Originally published as The Book of Negroes in Canada (Toronto : HarperCollins, 2007), Someone Knows My Name by Lawrence Hill is our focus this week.
A summary from the publisher W.W. Norton introduces the novel:
Abducted from Africa as a child and enslaved in South Carolina, Aminata Diallo thinks only of freedom—and of the knowledge she needs to get home. Sold to an indigo trader who recognizes her intelligence, Aminata is torn from her husband and child and thrown into the chaos of the Revolutionary War. In Manhattan, Aminata helps pen the Book of Negroes, a list of blacks rewarded for service to the king with safe passage to Nova Scotia. There Aminata finds a life of hardship and stinging prejudice. When the British abolitionists come looking for “adventurers” to create a new colony in Sierra Leone, Aminata assists in moving 1,200 Nova Scotians to Africa and aiding the abolitionist cause by revealing the realities of slavery to the British public. This captivating story of one woman’s remarkable experience spans six decades and three continents and brings to life a crucial chapter in world history.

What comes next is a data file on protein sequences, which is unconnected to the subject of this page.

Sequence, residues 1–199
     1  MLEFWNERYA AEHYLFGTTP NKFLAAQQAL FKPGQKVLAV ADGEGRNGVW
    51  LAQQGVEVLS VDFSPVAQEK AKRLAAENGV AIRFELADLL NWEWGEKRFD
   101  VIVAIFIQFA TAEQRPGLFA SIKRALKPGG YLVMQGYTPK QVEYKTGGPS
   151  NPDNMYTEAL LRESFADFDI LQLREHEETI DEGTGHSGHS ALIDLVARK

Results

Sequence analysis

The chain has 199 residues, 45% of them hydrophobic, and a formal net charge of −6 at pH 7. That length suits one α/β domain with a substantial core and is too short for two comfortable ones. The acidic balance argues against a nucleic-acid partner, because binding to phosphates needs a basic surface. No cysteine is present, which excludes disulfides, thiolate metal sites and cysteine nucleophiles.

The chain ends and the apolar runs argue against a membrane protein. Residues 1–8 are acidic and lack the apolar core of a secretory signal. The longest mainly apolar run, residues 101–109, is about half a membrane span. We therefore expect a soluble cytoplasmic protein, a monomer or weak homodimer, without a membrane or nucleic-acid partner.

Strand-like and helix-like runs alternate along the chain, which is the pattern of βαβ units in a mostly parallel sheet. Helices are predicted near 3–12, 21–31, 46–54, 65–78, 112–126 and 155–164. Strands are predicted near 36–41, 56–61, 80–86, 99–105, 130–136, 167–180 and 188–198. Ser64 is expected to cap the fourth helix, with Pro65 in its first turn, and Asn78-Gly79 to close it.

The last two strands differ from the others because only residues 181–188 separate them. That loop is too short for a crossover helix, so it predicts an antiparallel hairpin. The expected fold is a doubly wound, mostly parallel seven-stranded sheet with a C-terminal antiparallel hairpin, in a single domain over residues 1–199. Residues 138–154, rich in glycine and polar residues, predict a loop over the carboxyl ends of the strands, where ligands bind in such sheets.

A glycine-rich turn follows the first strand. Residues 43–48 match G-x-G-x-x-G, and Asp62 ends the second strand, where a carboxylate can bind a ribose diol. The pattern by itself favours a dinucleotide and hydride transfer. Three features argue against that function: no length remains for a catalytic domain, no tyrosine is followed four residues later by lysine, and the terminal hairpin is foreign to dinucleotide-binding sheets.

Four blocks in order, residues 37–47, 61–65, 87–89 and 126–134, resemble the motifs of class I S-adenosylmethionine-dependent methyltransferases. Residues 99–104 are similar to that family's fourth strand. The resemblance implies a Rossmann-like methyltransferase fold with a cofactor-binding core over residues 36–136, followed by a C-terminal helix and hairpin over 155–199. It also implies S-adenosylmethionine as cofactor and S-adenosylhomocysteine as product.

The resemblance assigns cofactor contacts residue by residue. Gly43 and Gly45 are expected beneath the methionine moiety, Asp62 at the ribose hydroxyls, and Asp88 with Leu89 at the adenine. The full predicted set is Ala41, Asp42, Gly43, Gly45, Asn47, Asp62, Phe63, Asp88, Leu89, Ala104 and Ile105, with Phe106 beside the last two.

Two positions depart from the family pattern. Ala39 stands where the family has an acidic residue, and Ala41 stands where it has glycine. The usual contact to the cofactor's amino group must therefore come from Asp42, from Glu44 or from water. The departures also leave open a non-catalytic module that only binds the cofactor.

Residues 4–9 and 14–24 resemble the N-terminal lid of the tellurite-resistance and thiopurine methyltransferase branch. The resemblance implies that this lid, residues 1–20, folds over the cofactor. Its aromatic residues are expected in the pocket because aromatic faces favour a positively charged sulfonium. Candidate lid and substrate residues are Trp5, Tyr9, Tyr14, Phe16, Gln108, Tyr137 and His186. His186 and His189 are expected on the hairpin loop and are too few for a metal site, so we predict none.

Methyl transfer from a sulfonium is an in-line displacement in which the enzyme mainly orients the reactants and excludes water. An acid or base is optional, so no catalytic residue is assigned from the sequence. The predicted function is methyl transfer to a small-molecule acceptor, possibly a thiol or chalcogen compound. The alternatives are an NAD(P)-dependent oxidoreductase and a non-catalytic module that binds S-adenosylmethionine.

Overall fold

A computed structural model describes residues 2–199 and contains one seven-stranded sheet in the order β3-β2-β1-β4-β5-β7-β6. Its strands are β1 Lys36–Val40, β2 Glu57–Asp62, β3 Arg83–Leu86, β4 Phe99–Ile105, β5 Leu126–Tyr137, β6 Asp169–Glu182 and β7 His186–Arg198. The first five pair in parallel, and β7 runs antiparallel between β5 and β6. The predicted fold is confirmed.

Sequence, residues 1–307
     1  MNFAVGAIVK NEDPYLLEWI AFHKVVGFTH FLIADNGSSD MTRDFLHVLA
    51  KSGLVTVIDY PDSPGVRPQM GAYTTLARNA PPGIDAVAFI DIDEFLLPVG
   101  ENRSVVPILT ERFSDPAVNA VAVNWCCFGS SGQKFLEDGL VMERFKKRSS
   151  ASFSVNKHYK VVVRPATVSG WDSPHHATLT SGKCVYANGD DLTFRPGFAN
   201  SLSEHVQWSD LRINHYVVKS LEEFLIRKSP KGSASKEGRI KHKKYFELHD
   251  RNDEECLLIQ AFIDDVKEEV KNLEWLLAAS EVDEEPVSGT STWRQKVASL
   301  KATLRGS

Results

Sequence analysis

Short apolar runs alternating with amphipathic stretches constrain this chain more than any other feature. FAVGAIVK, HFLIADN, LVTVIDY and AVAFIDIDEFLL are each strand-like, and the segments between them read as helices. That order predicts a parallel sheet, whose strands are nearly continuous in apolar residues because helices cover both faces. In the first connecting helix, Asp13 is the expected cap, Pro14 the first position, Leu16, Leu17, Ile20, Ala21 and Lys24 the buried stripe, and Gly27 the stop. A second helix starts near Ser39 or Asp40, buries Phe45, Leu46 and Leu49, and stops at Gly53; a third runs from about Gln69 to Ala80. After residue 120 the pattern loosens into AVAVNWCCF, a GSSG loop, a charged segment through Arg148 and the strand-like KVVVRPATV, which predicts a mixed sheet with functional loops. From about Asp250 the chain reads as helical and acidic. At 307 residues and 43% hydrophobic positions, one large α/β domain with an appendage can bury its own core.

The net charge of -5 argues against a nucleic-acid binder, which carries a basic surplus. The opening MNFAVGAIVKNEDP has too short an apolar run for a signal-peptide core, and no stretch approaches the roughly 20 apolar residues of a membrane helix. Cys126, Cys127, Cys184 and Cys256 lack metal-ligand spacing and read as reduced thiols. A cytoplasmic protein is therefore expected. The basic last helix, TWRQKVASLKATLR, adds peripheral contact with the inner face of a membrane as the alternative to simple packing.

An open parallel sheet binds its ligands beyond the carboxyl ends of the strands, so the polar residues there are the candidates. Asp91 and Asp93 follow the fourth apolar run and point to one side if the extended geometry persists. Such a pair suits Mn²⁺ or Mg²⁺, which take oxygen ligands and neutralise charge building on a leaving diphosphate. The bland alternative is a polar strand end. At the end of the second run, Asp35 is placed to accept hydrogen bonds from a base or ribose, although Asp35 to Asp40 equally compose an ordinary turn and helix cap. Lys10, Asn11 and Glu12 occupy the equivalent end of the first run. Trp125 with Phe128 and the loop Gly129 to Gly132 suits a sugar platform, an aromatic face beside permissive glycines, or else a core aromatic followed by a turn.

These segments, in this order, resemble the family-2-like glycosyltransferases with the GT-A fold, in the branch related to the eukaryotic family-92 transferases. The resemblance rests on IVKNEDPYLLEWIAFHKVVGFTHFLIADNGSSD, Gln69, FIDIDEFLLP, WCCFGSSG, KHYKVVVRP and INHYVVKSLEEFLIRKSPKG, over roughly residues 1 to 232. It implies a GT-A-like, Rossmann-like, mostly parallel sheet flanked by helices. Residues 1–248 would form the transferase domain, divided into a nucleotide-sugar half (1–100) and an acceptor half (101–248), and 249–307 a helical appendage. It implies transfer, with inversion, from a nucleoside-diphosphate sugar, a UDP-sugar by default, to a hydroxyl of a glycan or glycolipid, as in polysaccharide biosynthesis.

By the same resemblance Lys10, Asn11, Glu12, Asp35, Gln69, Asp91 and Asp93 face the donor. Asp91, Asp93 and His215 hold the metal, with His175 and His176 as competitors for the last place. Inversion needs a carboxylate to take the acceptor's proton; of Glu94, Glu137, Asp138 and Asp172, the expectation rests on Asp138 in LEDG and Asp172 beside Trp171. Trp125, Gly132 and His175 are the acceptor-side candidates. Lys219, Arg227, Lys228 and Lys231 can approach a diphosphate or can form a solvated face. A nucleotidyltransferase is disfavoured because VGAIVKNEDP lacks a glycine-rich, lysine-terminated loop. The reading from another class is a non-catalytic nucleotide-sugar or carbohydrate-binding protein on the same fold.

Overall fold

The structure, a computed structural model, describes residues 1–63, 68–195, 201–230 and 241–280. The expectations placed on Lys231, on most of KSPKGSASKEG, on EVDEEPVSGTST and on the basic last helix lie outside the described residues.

For some more flavor, watch the book trailer for the illustrated edition of the Book of Negoes:
Finally, here are some reviews to help you decide if Someone Know My Name hould be the next One Book.
From The New York Times: From Slavery to Freedom
From The Washington Post: A Slave’s Great Journey
From The Guardian: Bought and Sold
Susan Rife of The Herald Tribune reviews the audio edition: Someone Knows My Name